Where Will Ernesto Go?

Maria Matienzo Puerto 

Photo: Caridad

Mireya and Ernesto have spent a year contesting the handling of his case involving corruption.  Housing Department officials in the Marianao neighborhood cheated him out of the right to receive what’s his.

The problem began when Ernesto’s grandmother died and left the property to him, the sole person who was always at her side.

Later there began to appear the children demanding their piece of ownership in the house.  Ernesto felt confident that because of his years of having lived with his grandmother and her will, no one was going to take his house away from him.

Yet fate was not on his side.  Ernesto had a nervous attack and wound up staying over at the house of Mireya, who helped him recover.  Meanwhile, one of his uncles moved into his house.  This was how the tragedy began.

The police couldn’t intervene because there are no evictions in Cuba.  Ha ha ha…at least not when they don’t want to – when all there has to be is a house in which the government has interests.  But this isn’t the case.

When Ernesto arrived at the offices of the Municipal Housing Department with a lawyer, the runaround began: “You have to come back tomorrow and see the director.”  When he showed up there the next day, the director wasn’t available.  So, he had to set up another appointment.  This went on for a month.

With his persistence he finally managed to see the director but it wasn’t a surprise when the official told him that he knew about Ernesto’s case but that he didn’t have a solution.

Ernesto fell back on his butt.  How is it that the director was aware of his case?  Why didn’t it have a solution?

Dejected, he went back to Mireya’s place convinced that everything was lost.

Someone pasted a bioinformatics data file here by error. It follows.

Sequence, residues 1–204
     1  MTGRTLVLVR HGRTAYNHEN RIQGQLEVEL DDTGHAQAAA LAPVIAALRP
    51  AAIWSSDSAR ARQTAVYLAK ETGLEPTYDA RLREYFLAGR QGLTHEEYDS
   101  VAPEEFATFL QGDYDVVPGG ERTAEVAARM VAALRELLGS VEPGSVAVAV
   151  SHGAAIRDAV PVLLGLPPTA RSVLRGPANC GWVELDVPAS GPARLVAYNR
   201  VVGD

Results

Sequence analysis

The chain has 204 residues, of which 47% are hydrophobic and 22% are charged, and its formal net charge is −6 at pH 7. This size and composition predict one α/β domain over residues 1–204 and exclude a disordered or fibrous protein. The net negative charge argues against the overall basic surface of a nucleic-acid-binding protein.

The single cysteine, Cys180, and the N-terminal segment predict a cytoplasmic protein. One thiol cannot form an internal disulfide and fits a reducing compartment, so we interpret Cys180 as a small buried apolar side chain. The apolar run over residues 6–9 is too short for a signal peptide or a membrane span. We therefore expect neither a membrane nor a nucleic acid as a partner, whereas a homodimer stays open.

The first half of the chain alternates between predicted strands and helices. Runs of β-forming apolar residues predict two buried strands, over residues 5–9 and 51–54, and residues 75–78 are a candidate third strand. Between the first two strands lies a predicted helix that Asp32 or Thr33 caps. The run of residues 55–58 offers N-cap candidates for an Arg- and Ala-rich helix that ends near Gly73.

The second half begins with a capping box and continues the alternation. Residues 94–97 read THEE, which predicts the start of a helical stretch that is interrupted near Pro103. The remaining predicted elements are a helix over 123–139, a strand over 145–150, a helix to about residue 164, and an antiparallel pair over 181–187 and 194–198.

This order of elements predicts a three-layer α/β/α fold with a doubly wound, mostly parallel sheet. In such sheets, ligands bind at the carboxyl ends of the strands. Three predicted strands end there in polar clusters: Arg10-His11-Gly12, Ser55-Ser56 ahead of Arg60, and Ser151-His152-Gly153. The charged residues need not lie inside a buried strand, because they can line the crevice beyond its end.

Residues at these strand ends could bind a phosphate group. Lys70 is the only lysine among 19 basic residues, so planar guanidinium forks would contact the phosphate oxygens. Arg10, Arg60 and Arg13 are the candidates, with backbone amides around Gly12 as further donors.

But Mireya hadn’t wasted time.  Through her inquiries among the neighbors she discovered that her husband’s uncle had been paying — either in cash or in kind (a hog, some car parts) — a housing official so that everything was lost in oblivion.  They even falsified the title to the property under the justification that the original had been misplaced.

Letters were sent and received from the provincial housing office.  Mireya and Ernesto succeeded in being able to remove some cement blocks and, so that they’d shut their mouths, they gave him the right to a wooden room with an independent exit.

Obviously they’re not in agreement or happy, so now they plan on continuing to write “even higher up.”  They don’t have tangible proof of bribery, only the certainty that they’re morally right.

I’m afraid that this story is going to drag on indefinitely, but Mireya’s question is logical: “What’s going to happen to Ernesto if one day I don’t want to be with him anymore and he has to leave my place?”


Maria Matienzo

Maria Matienzo Puerto: I dreamed once that I was a butterfly who had come from Africa and discovered that I had been alive for thirty years. From that time on, I constructed my world while I was sleeping: I was born in a magic city like Havana; I dedicated myself to journalism; I wrote and edited books for children; I met to discuss art with wonderful people; I fell in love with a woman. Of course, there are certain points of coincidence with the reality of my waking life and it’s that I prefer the silence of reading and the pleasure of a good movie.

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